New Years Day

By Adam Martini
Translation by son, Hans Martini

    In the everyday life of the Donauschwaben, the winter months were always full of meaning.  The short days and long nights were ideal for the slow rhythms of village life.  This was in stark contrast to the summer season, where work consumed practically all of one's waking hours.  Winter was a time for reflection, a time where one could breathe freely again.  Among other things, the cold season meant it was time for butchering fatted pigs; partaking of culinary favorites like sausage soup; even the newly made wine could now be sampled.  Life was good and most everyone was content. 

     Men would often find their way to the local tavern where cards were played.  Some of their favorite games were "Ziechmariasch" and "Ramscheln".  The women would visit with friends and relatives.  Such socializing was called "maja" in our town and one could be sure that all of the local news would be exchanged - and all while sewing or knitting. There were also many opportunities for children to be part of the action.  One of these I best remember was the New Year's celebration.

     The New Year's tradition of visiting relatives and friends to extend best wishes was the same in Austria as it was in our area of southeastern Europe, if I am not mistaken.  We children had a list of people whom we would call on to wish the best for the New Year.  For this, we would get money and sometimes a gift as well.  Of course, for us the money was a huge plus!  The coins would be thrown into our "money bag" with a noisy jingle, bringing the person good luck.  Money was such a rarity for children back then that it was only spent with the greatest care and was always treated with the utmost respect. Of course, we would also enjoy seeing who could collect the most!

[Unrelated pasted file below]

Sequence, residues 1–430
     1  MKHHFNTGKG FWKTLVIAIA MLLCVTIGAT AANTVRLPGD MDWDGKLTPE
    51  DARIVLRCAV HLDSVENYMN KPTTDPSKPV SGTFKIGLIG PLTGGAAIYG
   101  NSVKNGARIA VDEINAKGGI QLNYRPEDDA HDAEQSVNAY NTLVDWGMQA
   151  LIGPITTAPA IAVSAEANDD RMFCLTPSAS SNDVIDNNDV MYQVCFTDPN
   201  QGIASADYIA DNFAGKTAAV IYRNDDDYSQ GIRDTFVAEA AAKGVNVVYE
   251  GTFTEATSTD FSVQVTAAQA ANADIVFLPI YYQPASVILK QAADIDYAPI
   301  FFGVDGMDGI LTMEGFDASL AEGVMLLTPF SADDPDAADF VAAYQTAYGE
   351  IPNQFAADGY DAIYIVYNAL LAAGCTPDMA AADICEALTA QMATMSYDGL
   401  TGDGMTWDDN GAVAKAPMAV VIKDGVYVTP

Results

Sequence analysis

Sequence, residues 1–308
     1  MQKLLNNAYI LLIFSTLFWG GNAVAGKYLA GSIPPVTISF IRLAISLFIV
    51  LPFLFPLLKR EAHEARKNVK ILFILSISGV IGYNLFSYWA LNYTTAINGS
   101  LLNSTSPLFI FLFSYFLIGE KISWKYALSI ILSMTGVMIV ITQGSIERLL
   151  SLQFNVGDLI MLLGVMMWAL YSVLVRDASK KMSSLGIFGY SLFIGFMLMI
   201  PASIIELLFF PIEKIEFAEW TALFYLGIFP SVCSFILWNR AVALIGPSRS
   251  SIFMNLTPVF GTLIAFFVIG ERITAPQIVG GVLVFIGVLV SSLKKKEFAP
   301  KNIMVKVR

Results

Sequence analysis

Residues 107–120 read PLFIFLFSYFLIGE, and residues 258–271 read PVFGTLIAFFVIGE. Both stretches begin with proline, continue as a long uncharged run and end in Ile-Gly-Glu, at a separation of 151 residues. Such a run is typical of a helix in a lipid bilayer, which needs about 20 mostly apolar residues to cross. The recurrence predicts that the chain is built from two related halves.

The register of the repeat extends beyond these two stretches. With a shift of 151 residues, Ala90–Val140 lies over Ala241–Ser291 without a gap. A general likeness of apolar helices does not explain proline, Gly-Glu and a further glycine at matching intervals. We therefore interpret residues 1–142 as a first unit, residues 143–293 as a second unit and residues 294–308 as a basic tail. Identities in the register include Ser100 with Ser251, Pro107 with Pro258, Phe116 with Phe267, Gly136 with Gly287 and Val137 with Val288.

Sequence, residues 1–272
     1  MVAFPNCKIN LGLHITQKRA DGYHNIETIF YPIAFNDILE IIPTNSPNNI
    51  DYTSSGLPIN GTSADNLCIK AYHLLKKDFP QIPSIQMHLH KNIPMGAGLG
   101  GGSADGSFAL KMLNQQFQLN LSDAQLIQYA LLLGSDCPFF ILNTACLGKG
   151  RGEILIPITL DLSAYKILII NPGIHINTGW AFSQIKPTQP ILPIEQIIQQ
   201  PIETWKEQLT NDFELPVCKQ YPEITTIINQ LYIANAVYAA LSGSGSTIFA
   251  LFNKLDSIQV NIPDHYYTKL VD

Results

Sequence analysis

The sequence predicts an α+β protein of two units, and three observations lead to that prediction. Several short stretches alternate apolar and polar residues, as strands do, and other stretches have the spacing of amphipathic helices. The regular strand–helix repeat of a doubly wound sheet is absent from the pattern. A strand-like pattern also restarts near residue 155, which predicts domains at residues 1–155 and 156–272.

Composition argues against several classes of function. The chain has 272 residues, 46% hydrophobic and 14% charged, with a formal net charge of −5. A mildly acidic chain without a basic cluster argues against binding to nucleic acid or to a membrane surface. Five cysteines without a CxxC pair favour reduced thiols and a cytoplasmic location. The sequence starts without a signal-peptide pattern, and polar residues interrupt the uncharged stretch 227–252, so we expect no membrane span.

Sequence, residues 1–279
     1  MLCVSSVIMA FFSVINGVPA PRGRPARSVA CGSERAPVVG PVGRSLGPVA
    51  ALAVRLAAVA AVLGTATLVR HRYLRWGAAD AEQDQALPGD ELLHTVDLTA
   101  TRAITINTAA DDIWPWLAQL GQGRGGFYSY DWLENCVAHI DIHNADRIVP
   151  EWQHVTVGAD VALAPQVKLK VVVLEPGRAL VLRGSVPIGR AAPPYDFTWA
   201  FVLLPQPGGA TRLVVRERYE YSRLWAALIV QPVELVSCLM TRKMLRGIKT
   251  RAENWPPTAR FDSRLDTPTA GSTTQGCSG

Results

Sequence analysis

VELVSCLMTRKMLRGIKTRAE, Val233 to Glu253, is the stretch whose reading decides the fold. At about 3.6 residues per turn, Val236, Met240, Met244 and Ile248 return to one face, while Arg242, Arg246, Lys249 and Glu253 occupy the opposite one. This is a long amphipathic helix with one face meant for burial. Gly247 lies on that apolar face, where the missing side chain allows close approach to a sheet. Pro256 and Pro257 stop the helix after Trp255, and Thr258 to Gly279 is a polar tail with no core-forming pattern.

New Year's was such a wonderful time for all of us back then.  In retrospect, I see so many good reasons to have this type of interaction between young and old.   It was not just the money although for us it seemed so at the time.  Direct contact between young and old just was not part of normal everyday life.  The New Year's handshake with an adult, looking them in the eye and reciting a verse or two was an important and life-affirming experience.  And so it was back then.

     Today, however, money seems to mean far less than it did for children back then.  Surely it is because there is so much more of it and that even children have little trouble getting a hold of it.  One does not speak of saving, or of gratitude and contentment as much as one speaks of more and faster, all with the least amount of effort.  This lack of appreciation often insinuates itself into a life style that is often less than healthy. 

     With this in mind, let me take this opportunity to segue from the Donauschwaben of yesteryear to our Donauschwaben club here in Trenton.  Our organization has always considered the making of money as a necessity, not as a way to obtain profit.  That is why our active members are not paid although they do the work that allows our club to exist.  It is a completely unselfish and most generous thing they do.  All of our guests should know that the dollars they spend for their dinners are dollars that are for the upkeep of the club only.  Maybe that is why our club continues to enjoy that "just like home" feeling, where the food is good and the atmosphere is cordial and relaxed.

     Please continue to support your club.  Come to the dinners and participate whenever and wherever possible.  The doors are open to anyone interested in our German/Donauschwaben culture.  We continue to be a refreshing alternative to an otherwise money-centered and overly materialistic world. 

[Trenton Donauschwaben Nachtrichten, Jan-March 2003]

[Published at DVHH.org 07 Jan 2005]


DVHH.org © 2003-2012 Donauschwaben Villages Helping Hands, a Nonprofit Corporation
Last Updated: 01 May 2013
Keeping the Danube Swabian legacy alive